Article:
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Let's say you got a file containing texts (from 1 to N) separated by a $ How can a slit the file so the end result is N files?

text1 with newlines $
text2 $etc... $

I'm thinking something with awk or sed but is there any available unix app that already perform that kind of task?

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up vote 2 down vote accepted

Maybe split -p pattern?

Hmm. That may not be exactly what you want. It doesn't split a line, it only starts a new file when it sees the pattern. And it seems to be supported only on BSD-related systems.

You could use something like:

awk 'BEGIN {RS = "$"} { ... }'

edit: You might find some inspiration for the { ... } part here:


edit: Thanks to comment from dmckee, but csplit also seems to copy the whole line on which the pattern occurs.

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Hmmm, my split doesn't have a -p option - what OS is that on? – Ken Gentle Nov 14 '08 at 15:56
Mac OS has it. Also consider "csplit". – dmckee Nov 14 '08 at 16:00
I'm on Mac OS X, which is based on BSD UNIX. See freebsd.org/cgi/man.cgi?query=split – Bill Karwin Nov 14 '08 at 16:00
I'd figured out the RS part of the awk script it's the "..." part that still puzzled me. BTW, split doesn't have -p on cygwin. – Julien Grenier Nov 14 '08 at 16:24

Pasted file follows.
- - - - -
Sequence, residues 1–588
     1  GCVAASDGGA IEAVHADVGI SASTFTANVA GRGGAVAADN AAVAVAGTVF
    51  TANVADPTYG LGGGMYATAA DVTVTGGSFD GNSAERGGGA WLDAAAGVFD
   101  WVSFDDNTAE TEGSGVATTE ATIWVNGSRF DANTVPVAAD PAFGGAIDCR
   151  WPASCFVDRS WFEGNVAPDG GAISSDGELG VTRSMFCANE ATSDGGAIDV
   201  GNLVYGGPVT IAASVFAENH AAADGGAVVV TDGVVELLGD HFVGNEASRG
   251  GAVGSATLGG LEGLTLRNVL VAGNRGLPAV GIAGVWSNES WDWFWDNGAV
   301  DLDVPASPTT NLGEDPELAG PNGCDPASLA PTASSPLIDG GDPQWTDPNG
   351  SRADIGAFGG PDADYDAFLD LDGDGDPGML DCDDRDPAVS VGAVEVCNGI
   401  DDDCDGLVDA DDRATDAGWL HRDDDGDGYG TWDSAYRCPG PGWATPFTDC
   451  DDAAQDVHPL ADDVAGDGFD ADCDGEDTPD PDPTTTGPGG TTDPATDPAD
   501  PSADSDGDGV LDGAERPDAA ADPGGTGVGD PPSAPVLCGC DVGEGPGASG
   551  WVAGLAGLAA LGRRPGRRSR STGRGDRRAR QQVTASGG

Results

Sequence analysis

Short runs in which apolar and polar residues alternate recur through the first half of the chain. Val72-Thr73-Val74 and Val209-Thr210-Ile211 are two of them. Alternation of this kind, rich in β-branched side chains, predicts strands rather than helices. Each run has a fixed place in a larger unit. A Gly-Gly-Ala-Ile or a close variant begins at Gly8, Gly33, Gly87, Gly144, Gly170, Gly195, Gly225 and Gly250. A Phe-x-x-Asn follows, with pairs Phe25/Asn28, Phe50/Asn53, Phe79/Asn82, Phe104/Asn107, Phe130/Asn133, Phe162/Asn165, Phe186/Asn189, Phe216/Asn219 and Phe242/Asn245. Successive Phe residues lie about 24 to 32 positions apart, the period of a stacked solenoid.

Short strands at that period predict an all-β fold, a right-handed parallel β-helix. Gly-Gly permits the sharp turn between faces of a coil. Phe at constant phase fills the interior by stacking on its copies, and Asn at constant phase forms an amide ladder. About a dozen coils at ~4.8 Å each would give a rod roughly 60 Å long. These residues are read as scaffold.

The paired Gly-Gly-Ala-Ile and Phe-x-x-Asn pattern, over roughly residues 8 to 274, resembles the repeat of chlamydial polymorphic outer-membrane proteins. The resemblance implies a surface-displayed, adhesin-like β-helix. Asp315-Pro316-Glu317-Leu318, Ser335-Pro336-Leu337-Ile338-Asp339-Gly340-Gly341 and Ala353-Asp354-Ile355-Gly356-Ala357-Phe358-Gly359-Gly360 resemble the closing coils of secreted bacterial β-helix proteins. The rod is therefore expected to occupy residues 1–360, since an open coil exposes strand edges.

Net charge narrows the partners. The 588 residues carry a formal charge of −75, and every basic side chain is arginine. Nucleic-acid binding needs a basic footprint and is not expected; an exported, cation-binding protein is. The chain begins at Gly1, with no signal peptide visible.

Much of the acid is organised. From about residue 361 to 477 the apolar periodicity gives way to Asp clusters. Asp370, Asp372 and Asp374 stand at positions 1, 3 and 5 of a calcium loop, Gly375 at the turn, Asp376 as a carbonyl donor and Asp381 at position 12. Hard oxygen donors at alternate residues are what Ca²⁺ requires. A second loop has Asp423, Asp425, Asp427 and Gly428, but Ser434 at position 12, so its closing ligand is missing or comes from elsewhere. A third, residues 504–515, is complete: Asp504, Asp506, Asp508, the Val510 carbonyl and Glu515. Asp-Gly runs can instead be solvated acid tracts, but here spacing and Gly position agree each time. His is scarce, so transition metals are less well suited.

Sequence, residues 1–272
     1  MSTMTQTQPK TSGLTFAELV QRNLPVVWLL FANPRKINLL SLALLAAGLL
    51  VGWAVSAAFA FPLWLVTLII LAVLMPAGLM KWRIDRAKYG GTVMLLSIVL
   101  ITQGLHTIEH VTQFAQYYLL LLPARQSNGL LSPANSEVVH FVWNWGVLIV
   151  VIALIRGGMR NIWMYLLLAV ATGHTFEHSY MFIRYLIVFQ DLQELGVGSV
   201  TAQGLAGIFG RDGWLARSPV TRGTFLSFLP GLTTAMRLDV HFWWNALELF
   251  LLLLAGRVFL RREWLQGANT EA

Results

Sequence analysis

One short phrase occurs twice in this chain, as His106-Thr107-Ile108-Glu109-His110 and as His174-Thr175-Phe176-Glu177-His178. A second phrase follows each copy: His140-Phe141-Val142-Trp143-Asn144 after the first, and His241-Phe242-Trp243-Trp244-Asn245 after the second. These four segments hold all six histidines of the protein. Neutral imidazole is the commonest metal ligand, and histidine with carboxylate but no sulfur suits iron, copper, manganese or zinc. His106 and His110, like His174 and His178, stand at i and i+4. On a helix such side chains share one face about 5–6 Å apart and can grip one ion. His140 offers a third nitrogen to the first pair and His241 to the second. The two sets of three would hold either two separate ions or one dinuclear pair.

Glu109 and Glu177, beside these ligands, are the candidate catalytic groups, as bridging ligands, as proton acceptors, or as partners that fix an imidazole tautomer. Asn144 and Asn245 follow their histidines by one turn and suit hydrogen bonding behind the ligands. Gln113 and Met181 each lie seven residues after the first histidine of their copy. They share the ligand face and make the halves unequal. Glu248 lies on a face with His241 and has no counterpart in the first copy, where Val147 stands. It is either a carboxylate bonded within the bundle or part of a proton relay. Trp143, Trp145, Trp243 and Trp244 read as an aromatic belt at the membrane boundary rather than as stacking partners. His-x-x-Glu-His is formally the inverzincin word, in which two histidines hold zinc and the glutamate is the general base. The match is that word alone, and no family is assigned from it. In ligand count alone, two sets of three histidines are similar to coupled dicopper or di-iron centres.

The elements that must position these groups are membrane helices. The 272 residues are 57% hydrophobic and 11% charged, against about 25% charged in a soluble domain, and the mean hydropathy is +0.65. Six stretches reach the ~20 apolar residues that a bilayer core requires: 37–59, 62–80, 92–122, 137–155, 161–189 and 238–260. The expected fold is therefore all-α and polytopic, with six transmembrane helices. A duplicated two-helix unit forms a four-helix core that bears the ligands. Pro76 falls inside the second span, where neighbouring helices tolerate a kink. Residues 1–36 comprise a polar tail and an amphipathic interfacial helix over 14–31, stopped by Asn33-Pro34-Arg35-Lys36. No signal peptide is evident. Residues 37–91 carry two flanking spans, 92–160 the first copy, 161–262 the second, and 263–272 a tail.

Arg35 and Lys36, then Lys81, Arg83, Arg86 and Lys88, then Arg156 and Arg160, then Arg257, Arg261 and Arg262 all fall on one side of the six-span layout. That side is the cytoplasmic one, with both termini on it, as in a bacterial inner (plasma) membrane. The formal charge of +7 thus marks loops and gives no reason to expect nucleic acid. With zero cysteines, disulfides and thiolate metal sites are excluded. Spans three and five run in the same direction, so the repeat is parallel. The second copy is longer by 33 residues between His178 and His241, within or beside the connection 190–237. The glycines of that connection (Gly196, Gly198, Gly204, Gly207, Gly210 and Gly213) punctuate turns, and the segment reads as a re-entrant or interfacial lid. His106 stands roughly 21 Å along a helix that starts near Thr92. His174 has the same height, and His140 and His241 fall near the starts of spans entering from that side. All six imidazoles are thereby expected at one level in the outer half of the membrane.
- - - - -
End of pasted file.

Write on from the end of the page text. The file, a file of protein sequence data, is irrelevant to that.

Cygwin is based on GNU, not BSD. But it doesn't matter, split -p isn't what you want. – Bill Karwin Nov 14 '08 at 17:02

awk 'BEGIN{RS="$"; ORS=""} { textNumber++; print $0 > "text"textNumber".out" }' fileName

Thank to Bill Karwin for the idea.

Edit : Add the ORS="" to avoid printing a newline at the end of each files.

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If I'm reading this right, the UNIX cut command can be used for this.

cut -d $ -f 1- filename

I might have the syntax slightly off, but that should tell cut that you're using $ separated fields and to return fields 1 through the end.

You may need to escape the $.

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awk -vRS="$" '{ print $0 > "text"t++".out" }' ORS="" file
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using split command we can split using strings.

but csplit command will allow you to slit files basing on regular expressions as well.

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